Lemon Wedge

REVIEW: Kim Mitchell – Greatest Hits (1995)

KIM MITCHELL – Greatest Hits (1995 Alert)

Five studio albums, one live and an EP to boot:  Definitely enough music to justify your first solo Greatest Hits.  For added value, Kim included a bunch of new and unreleased music.  With 15 songs and over an hour of music, Kim Mitchell’s Greatest Hits is an easy buy for fans and collectors.  For new fans it’s not quite ideal, for reasons we’ll get in to.

Long time fans will remember that Kim’s prior band Max Webster issued a greatest hits called Diamonds Diamonds with two new songs.  This album follows suit with two brand new tracks recorded for this set.  “No More Walking Away”, co-written by Pye Dubois, is an electric ballad with stunning guitar tones.  This is in the same lane as some of Kim’s previous ballads from Rockland or Aural Fixations; very much a “later Kim” sound.  Long time fans will love hearing Peter Fredette on backing vocals.  The other new song, “Rainbow”, is a straight-on hard rocker.  With Andy Curran on lyrical duties, “Rainbow” is just good time Kim rock as you have grown to expect it.  It goes without saying that his guitar playing is tremendous.  The chorus goes all the way to the clouds.  “I’m bringin’ you back your rainbow,” sings Kim and you better believe it.

In addition to the new songs, this time Kim also included two re-recordings.  This is unfortunately where first-time buyers are going to be let down.  One of Kim’s biggest career hits was undoubtedly 1986’s “Patio Lanterns” from Shakin’ Like a Human Being.  This compilation includes a new arrangement, which is actually quite cool.  It’s twangy and has lots of guitar play.  But that’s not the version that old folks remember from highschool — not even close.  The tempo they used to dance to is gone.  This version, excellent as it is, unfortunately is only for people who already own the original.  The other re-recording is the less sacred “Lager & Ale”, originally from Akimbo Alogo.  The vocal line is slightly modified, but this one shouldn’t upset too many people.  The Akimbo original remains the best version.

What else is to be found on this disc?  We have the opening and closing bits called “Transcendental Soda” and “Hare Soda”, which are simply snippets from the live intro to “Go For Soda”.  Nothing too special, but elsewhere you’ll find some cool stuff.  “Expedition Sailor” is credited as “The Other Version” which is a remix from the music video, long unavailable to regular folks like us.  This fine ballad was a decent hit back in 1989-90 so it’s nice to own that elusive video mix.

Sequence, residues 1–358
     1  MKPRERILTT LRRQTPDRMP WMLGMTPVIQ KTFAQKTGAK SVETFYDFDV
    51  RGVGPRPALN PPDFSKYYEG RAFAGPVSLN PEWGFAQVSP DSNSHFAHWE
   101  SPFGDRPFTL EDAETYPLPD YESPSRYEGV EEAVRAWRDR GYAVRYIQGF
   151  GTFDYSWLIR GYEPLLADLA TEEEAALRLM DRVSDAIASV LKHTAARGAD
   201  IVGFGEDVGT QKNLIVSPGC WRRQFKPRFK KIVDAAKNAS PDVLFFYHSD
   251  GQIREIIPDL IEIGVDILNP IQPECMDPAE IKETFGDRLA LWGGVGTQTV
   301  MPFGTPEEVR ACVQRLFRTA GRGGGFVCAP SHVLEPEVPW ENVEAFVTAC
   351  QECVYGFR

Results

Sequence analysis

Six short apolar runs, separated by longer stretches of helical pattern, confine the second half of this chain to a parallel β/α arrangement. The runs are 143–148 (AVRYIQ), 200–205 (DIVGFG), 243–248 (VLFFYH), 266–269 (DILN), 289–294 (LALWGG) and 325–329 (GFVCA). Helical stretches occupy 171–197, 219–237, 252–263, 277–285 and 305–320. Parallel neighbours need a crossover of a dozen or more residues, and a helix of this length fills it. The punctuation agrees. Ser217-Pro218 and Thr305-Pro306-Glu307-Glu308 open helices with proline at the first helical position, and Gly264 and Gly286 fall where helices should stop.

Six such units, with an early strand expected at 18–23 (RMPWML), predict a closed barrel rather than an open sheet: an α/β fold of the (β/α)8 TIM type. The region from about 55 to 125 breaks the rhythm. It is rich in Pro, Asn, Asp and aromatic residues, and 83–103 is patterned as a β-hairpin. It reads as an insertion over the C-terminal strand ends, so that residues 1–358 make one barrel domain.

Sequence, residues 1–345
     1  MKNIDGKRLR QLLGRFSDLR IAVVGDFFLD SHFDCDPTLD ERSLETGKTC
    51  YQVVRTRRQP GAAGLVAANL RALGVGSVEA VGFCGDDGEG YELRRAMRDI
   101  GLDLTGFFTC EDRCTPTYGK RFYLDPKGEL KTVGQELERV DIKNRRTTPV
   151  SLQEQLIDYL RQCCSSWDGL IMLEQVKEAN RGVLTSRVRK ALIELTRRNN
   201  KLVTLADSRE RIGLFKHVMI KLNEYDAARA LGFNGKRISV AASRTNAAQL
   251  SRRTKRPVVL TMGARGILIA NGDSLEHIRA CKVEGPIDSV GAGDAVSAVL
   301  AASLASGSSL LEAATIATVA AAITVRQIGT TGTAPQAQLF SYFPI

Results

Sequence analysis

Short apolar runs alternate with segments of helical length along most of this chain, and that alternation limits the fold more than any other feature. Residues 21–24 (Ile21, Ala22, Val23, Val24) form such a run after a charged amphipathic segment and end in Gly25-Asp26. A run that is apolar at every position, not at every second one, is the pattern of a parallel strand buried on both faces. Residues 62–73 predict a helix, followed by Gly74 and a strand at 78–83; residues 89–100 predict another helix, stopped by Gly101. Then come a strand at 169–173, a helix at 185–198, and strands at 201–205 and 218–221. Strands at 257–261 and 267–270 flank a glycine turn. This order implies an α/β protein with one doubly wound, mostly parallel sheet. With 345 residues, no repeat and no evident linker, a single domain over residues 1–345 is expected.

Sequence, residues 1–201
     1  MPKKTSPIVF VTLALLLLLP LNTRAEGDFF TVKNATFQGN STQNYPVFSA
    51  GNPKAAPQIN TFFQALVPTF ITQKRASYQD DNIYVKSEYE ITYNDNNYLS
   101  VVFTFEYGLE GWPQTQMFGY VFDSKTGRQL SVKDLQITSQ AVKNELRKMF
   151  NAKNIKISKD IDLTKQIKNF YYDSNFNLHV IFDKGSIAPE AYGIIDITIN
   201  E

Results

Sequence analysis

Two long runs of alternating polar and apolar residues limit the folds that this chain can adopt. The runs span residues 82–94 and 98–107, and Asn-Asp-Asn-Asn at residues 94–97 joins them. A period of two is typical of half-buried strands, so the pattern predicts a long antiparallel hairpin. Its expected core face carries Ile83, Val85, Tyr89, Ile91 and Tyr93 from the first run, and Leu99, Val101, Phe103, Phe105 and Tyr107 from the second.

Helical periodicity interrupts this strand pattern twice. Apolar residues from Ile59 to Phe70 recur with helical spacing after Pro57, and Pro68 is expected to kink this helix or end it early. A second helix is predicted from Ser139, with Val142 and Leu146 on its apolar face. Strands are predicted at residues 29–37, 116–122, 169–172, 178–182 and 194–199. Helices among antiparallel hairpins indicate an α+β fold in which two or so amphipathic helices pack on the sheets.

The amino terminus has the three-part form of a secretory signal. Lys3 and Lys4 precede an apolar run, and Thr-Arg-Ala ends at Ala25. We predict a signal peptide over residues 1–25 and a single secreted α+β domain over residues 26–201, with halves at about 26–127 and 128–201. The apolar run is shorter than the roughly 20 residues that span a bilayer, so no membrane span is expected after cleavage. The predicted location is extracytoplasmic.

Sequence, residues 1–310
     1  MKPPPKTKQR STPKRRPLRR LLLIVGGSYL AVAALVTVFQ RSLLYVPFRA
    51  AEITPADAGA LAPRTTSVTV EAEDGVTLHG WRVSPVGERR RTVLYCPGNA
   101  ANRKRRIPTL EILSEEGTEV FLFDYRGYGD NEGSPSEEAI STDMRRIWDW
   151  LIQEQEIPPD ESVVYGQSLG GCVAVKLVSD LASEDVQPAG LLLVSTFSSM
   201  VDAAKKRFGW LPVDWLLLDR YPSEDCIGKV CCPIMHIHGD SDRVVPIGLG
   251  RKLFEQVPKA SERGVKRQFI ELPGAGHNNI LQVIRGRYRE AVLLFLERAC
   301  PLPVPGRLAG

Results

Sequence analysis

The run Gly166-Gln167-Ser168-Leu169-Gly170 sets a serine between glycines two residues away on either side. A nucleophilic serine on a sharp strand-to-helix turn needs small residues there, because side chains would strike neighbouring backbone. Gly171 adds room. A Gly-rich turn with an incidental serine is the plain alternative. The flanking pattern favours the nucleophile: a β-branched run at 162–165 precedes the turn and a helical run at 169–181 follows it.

That’s it for the special stuff listed on the back, but there are two hidden surprises within.  Between “Rainbow” and “All We Are” (the live version from I Am A Wild Party) you will find 30 seconds of a demo.  This is a demo for “All We Are”, and the tape could even date back to the Max Webster days since that’s when he wrote the tune.  That’s gold.  What a cool way to introduce “All We Are”.  The other surprise is evident by the track times.  Hit single “Rocklandwonderland” is missing the fade out, and runs out to its actual end.  It just ends — the guys just stop playing.  Really cool unlisted bonuses here.

As for the rest, it’s the hits!  All singles (though some only for radio), except for “Lemon Wedge” which was a hit with the fans.  Though it doesn’t suit everybody’s needs, Greatest Hits still plays well and scratches some of those big Kim itches.

4/5 stars

#870: You Can Be My Lemon Wedge, and I’ll Be Your Tequila

GETTING MORE TALE #870:
You Can Be My Lemon Wedge, and I’ll Be Your Tequila
(Part One of a two-part review of Kim Mitchell’s Greatest Hits)

The leaves turned colours, and were starting to decorate the ground.  I had been working at the Record Store for over a year.  I was well over my first relationship that went south, and was now seemingly hard at work wrecking the second.  Everything started lovey-dovey in the summer.  The first two months were bliss.  It started to sour in September and October.  “People are always on their best behaviour at the start,” she used to say in regards to “new love”.  Now that things were going bad, was it my fault?  It had to be.  What was I doing wrong?  It was in this emotional environment that Kim Mitchell released his first solo Greatest Hits CD in 1995.

As things started to go south, I anticipated that I’d need some new Kim music to get me through.  This compilation had two new songs, one rare remix, two re-recordings, and some surprising bonus music.  Decent value for a hits set.  “Ooh, it’s a messy breakup,” sang Kim on the new track called “Rainbow”.